AUBURN – Kristen Snow, a senior in Auburn University’s College of Liberal Arts, has been awarded a Fulbright-French Ministry of Education Teaching Assistantship to teach in France for the academic year 2011-12. Snow will be placed in the Académie de Rennes where she will be assigned to one or more schools in the region.
“Kristen is a well-rounded woman in every sense,” said Paul Harris, associate director of the Honors College. “She has an impeccable academic record in two challenging majors, French and English; a strong sense of who she is as a person and what responsibilities that entails; and a zest for life and making global connections. In addition, she is an accomplished musician.”
A member of the Honors College with a 4.0 grade point average, Snow is Auburn’s third consecutive Fulbright Student Scholar, following Rebecca Ludvigsen, Germany, 2009, and Helen Hunter Robertson, France, 2010.
“There is so much more to language than just words and grammar – language reveals how people view the world, and teaching a language facilitates a broadening of perspectives and cultural exchange for both the student and the teacher,” said Snow in her personal statement. “I hope that through teaching English to young French students, we will be able to share an exchange of cultures similar … one in which the lives of everyone involved will be intellectually and culturally enriched.”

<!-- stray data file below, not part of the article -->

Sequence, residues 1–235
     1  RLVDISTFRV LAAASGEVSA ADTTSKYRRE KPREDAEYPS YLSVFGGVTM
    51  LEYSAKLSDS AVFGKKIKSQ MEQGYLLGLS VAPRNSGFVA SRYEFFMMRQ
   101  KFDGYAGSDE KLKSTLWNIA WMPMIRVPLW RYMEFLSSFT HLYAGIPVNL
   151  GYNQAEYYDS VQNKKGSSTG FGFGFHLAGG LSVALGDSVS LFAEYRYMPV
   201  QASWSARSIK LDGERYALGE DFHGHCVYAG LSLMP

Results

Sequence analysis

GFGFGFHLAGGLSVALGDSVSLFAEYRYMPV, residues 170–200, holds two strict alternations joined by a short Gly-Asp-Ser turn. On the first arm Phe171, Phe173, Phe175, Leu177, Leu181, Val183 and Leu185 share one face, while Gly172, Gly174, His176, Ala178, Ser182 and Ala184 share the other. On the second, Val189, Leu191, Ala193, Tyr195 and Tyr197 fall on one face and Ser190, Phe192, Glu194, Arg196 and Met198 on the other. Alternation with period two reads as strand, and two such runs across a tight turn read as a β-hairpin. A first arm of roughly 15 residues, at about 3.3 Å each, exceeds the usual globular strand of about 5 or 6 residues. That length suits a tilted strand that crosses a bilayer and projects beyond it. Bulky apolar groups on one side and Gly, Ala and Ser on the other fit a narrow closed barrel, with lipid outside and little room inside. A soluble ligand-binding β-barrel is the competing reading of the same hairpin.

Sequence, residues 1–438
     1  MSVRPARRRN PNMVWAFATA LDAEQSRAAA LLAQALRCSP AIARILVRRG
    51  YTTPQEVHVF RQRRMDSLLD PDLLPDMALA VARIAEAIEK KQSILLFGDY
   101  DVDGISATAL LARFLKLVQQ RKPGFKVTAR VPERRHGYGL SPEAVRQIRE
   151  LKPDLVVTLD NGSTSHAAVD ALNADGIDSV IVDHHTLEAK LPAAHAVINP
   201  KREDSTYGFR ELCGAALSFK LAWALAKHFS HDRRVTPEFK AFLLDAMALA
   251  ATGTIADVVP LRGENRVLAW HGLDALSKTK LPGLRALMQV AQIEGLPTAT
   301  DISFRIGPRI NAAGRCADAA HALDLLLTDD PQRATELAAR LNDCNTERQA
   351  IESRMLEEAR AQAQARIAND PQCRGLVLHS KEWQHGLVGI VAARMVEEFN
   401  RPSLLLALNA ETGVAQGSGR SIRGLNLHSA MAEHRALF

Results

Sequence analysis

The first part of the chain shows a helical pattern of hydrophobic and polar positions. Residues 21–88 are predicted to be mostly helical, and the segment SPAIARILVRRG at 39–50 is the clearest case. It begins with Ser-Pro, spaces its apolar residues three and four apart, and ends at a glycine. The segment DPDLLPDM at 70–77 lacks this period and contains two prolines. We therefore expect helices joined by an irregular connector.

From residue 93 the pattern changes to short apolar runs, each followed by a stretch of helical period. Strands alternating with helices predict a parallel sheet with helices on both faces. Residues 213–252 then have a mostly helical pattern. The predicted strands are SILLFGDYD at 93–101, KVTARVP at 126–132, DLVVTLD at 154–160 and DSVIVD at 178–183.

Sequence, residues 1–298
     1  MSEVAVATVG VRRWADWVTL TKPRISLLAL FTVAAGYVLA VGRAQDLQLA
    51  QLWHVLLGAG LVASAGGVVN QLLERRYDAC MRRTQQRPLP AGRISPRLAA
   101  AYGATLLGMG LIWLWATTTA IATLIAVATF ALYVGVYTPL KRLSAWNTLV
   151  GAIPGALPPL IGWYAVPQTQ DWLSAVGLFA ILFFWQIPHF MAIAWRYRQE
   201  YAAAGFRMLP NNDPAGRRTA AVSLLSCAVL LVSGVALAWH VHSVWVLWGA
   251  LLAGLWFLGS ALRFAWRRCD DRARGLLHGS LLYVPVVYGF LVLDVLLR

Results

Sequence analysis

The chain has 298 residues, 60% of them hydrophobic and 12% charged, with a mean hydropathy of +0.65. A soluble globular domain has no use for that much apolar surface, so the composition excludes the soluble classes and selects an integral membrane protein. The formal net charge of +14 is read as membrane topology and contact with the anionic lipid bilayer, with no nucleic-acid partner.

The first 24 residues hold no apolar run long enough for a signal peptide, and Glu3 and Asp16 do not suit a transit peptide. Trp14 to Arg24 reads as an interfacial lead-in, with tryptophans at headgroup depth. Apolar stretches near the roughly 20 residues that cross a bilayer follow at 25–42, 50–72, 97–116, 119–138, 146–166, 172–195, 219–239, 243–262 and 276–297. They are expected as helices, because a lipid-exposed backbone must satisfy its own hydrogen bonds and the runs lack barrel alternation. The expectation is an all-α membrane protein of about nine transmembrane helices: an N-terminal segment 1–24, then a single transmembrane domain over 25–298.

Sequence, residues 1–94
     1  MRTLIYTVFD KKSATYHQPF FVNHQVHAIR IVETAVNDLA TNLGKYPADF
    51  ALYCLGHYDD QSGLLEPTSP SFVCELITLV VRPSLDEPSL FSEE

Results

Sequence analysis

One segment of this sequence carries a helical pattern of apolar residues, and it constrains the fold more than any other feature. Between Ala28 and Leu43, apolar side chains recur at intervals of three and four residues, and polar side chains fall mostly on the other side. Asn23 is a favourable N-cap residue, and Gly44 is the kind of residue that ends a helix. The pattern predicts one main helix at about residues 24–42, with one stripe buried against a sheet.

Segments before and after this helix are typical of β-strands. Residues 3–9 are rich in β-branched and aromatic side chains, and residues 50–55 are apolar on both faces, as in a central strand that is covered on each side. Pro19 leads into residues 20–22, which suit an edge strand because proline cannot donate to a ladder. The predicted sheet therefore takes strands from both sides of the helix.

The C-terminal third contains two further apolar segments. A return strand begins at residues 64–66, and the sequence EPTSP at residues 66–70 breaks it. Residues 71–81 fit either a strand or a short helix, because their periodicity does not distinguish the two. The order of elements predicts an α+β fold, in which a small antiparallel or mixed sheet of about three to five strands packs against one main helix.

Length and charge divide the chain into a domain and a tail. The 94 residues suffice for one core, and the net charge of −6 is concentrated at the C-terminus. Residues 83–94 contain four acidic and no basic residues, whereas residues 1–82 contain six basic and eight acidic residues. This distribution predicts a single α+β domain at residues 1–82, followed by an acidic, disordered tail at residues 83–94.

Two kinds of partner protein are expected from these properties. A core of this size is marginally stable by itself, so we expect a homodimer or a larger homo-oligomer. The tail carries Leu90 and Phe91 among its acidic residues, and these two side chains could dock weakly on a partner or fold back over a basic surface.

In addition to Snow, five other College of Liberal Arts seniors have received assistantships to teach in France. Abigail Hess, Nadia Mazaheri, Rachel Naftel, Sigourney Smith and Allison Thompson have been awarded the competitive Teaching Assistant Program in France assistantship sponsored by the French Ministry of Education.
“These students are well-rounded young women who will be good ambassadors from Auburn,” said Samia Spencer, professor of French in the Department of Foreign Languages. “The year they will spend in France will prepare them well for their respective career choices.”
Each year the Fulbright Scholarship program and the French Ministry of Education allot 50 applications for the Fulbright-French Ministry of Education Teaching Assistantship. To be eligible for the award, the student must complete a Fulbright Scholarship application which requires a detailed project proposal and personal statement. The applicant must also submit three letters of recommendation, a letter certifying fluency in French and an interview with the campuswide selection committee.
(Written by Carol Nelson.)